Jewish leader in Poland defends bid to replace head of country’s main Jewish museum


(JTA) — To many Polish Jews, the museum that opened in 2013 on the grounds of the former Warsaw ghetto is a symbol of communal revival in a country that had more Holocaust victims than any other.

That’s why some of them are vociferously opposing the right-wing government’s decision this month not to automatically renew the five-year contract of the Polin Museum’s first director, Dariusz Stola.

Critics of the move — including 4,600 who have signed a petition denouncing it — say it is politically motivated payback for Stola’s opposition to nationalist policies — a claim denied by the Culture Ministry.

On Thursday, the main group representing Polish Jews came out in support of the search for a successor, effectively siding with the government.

“We hope that the best candidate will be identified,” the chairwoman-elect of the Union of Jewish Religious Communities in Poland, Monika Krawczyk, wrote Thursday in an email to the Jewish Telegraphic Agency.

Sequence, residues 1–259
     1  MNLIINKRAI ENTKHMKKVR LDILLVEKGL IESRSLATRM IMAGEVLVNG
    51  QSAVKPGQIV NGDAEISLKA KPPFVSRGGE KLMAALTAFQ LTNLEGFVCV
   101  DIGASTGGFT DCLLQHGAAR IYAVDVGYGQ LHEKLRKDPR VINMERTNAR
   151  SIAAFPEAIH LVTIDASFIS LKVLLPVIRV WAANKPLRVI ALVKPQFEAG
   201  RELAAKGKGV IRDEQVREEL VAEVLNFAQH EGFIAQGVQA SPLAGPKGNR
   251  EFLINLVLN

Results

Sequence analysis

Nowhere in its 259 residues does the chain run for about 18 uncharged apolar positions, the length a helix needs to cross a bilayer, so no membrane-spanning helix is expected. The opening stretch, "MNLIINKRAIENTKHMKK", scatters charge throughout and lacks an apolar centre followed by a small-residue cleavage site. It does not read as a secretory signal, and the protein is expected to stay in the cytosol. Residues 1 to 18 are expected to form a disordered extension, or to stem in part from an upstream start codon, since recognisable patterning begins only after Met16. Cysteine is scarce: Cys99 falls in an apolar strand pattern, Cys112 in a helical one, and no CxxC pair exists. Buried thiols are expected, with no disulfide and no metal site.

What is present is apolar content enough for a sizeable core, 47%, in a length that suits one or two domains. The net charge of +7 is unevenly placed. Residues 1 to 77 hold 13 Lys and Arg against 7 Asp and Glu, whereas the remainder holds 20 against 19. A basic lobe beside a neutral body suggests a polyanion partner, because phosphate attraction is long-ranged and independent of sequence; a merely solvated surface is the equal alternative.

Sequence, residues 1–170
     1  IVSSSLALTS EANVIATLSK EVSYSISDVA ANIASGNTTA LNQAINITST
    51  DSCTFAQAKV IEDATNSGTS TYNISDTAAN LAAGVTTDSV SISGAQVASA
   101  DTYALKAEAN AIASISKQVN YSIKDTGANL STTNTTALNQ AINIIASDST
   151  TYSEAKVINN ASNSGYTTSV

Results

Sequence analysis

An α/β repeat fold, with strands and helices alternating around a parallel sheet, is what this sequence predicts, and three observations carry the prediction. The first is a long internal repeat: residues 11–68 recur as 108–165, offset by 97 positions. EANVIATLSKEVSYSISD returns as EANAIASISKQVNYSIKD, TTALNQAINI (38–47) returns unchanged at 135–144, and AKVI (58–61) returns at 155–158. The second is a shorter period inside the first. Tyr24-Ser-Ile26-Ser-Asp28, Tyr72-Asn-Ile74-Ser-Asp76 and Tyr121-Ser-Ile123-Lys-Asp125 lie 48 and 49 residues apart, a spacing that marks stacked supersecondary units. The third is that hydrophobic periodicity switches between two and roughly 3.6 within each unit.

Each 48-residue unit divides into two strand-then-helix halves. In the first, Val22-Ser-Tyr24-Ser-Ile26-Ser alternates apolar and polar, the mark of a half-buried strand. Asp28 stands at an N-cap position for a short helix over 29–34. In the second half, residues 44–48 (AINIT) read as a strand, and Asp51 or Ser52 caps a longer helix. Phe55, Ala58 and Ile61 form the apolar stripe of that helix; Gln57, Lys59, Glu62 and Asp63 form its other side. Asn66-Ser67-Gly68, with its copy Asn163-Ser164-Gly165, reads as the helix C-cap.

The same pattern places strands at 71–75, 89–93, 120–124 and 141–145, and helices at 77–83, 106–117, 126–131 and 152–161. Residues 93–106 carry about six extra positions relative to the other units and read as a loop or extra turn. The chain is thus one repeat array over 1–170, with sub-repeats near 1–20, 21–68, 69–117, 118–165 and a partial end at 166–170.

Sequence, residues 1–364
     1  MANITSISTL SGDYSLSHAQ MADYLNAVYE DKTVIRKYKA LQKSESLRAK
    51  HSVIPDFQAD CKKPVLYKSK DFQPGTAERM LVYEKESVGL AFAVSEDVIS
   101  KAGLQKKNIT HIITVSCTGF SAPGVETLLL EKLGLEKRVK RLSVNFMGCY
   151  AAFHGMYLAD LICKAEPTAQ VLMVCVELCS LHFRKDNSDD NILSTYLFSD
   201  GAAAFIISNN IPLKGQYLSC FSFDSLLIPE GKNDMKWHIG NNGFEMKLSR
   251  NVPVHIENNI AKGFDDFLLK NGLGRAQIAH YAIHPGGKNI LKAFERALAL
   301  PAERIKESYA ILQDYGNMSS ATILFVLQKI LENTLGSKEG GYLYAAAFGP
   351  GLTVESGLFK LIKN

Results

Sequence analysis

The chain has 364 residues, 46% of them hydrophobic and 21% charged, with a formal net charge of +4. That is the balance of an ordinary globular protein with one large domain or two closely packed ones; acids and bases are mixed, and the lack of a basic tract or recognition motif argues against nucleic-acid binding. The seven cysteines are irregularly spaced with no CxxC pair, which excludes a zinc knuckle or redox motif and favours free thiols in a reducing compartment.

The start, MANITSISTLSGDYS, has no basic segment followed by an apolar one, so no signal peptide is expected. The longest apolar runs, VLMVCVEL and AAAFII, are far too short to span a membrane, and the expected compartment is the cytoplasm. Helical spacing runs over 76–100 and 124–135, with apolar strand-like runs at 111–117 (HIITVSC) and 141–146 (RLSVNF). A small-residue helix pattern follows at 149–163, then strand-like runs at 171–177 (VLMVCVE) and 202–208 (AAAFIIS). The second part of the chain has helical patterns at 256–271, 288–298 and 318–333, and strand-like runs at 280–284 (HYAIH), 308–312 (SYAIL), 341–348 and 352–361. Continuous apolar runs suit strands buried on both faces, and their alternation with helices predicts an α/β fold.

Her group, which in 2017 accused the government of emboldening right-wing extremists, is “glad” about the decision to interview candidates, Krawczyk added. She called it “an opportunity to run democratic process for the appointment of the POLIN director (which was not done in the past).”

Krawczyk’s organization and the Polin Museum of the History of Polish Jews have had a legal dispute about copyright amid accusations that the museum was overshadowing the activities of communities in presenting historical events to visitors.

“Many very competent (young and older) people, including members of Jewish Community in Poland, will have opportunity to present their vision for this crucial institution in Polish-Jewish relations,” she said.

Stola has criticized recent legislation making it illegal to blame the Polish nation for Nazi crimes. Krawczyk’s group has condemned the legislation as harmful to research about the Holocaust, in line with similar criticism leveled at the government-sponsored law by Israel, the United States, the World Jewish Congress and many other Jewish groups that said it would limit the debate about the complicity of some Poles.

Jarosław Sellin, the secretary of state at the Ministry of Culture and National Heritage, denied any political biases in the decision to interview potential successors for Stola, adding that Stola may reapply.

Stola did not respond to a request for comment.

Recommended from JTA